Leo, returning home from a bender, is shocked she actually finished the boards, and admits he never intended to give her a real chance. But rather than overt sexism, it’s classism that drives his dubiousness and resentment towards Arte. He became an artisan to avoid a live of begging on the streets, while this rich girl initially tells him she wants to become one because she “loves drawing.”

Then Arte comes clean and tells him that was just putting on airs. In truth, she wants to live through her own power—not just some rich dude’s—Leo realizes he read the girl wrong. After all, even a former beggar like him had a better chance of becoming an apprentice than even the richest girl in Florence. He decides to give her a chance.

With that, Arte moves out of her family’s estate, against her mother’s explicit wishes (we’ll see if there are consequences for that) and into a decided fixer-upper of a shed atop Leo’s workshop. She initially finds the level of repairs and cleanup needed daunting and draws herself to sleep as the walls barely keep out the cold night rain. But in the morning the rising sun peeks through the cracks in those walls and she opens the shutters to reveal a glorious view of the Duomo that would make any master jealous.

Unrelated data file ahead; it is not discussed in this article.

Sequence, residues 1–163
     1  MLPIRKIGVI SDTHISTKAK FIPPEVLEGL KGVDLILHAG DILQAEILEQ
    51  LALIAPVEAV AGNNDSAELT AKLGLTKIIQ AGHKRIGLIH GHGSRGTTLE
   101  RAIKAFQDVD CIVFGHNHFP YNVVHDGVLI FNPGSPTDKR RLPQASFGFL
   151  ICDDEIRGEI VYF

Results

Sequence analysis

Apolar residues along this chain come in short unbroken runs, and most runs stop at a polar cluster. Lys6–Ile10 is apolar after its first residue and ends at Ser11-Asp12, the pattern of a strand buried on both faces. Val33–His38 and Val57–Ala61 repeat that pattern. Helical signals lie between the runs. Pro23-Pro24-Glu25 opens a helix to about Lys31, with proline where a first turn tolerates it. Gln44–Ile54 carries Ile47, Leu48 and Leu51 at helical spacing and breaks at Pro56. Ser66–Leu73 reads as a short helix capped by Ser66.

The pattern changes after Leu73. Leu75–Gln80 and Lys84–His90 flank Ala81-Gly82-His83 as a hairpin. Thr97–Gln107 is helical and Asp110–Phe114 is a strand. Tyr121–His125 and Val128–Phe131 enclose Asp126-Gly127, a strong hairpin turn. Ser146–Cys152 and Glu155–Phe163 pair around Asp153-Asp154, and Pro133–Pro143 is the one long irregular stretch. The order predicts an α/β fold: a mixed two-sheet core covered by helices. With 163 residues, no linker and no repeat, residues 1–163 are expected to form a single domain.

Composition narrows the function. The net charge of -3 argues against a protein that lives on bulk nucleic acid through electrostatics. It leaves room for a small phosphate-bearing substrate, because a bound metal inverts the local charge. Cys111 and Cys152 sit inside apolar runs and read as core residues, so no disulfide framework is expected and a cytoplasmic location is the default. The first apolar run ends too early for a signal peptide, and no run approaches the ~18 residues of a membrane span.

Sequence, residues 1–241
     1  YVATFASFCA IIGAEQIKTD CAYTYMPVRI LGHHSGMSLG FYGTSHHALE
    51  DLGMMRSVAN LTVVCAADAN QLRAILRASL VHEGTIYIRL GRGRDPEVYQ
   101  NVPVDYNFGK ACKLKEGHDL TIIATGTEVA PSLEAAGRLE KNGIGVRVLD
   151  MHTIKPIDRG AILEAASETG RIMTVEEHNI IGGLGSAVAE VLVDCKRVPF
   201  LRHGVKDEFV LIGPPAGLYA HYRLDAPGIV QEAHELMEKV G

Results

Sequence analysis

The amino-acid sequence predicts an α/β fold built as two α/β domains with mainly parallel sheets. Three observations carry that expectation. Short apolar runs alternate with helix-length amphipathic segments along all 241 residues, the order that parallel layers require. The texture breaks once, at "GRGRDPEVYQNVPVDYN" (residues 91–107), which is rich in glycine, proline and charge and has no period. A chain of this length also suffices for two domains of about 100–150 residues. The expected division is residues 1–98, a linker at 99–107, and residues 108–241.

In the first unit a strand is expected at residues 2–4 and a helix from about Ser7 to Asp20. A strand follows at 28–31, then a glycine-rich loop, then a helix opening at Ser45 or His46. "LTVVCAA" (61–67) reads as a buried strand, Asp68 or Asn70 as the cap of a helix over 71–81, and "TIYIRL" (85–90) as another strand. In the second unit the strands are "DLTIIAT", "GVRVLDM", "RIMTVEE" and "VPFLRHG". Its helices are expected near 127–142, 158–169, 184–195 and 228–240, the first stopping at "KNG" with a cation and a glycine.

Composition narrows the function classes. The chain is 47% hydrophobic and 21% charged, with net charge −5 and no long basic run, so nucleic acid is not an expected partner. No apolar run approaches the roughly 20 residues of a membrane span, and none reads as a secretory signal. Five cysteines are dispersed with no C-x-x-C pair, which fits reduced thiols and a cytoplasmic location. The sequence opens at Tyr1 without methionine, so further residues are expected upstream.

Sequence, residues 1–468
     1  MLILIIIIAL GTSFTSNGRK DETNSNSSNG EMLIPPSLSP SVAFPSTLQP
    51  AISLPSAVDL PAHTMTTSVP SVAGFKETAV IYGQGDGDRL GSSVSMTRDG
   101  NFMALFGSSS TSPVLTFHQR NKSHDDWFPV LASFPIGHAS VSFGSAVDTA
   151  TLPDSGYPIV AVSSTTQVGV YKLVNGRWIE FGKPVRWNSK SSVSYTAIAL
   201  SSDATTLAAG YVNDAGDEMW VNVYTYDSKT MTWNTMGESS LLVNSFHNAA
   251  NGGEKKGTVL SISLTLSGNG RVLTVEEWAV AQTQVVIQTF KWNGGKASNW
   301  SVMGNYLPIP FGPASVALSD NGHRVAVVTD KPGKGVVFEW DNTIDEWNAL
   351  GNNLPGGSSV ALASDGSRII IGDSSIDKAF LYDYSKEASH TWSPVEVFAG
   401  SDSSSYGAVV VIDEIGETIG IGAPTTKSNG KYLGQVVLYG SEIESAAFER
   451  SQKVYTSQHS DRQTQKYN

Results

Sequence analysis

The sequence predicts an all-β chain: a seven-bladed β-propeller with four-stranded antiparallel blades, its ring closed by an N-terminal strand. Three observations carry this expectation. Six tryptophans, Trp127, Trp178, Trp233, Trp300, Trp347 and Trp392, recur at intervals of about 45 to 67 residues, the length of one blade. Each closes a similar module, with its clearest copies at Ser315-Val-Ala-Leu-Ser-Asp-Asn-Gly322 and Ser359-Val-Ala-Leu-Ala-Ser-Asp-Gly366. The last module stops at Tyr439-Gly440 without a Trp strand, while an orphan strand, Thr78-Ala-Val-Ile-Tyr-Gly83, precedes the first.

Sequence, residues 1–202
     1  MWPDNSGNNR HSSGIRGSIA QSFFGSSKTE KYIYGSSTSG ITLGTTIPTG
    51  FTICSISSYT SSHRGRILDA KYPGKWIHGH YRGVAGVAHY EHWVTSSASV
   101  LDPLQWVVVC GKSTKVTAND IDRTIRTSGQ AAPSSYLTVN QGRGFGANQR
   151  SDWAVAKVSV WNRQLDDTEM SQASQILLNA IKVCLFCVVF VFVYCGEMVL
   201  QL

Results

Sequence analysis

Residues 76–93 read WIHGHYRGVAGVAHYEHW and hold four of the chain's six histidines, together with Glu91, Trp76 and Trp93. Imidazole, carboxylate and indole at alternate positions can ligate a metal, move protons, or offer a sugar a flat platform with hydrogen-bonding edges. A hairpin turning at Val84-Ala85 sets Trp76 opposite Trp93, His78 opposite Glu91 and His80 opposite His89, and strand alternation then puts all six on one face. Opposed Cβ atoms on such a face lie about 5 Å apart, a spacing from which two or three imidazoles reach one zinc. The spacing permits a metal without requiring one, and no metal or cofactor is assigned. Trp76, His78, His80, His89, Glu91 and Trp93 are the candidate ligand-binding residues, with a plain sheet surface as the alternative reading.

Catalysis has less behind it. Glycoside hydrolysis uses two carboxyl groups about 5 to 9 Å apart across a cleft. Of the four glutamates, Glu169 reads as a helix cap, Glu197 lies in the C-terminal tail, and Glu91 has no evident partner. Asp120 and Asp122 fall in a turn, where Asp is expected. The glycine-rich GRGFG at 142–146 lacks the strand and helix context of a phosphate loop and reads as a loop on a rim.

Arte is as straightforward and earnest as its heroine. Her situation isn’t sugar-coated; most artisans in Florence are insulted by the mere idea of a woman in their line of work. But nor is it punishingly bleak. It simply took one person giving her a chance…her relentlessly working her ass off, but she’s on her way.

Arte’s dogged determination and optimism is both compelling and inspiring. Komatsu Mikako is well-cast for the role. That her character is loosely based on the real-life female artisan Artemisia Gentileschi lends the show a measure of historical legitimacy. I’m looking forward to watching her tough but rewarding journey towards self-actualization and independence.

Sousei no Onmyouji – 24

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SnO continues its episodic format as Roku, Benio, and Sae continue their “country tour” across the country, sealing dragon spots as they go. Last week was a bit of a drag, but this week presents us with Lio, not yet a Basara but by far the least hostile Kegare we’ve yet encountered.

The “non-evil enemy” is a fairly common convention, but it’s well-executed here, as Sae becomes the non-hostile go-between that allows for a moment of peace between warring species, however brief.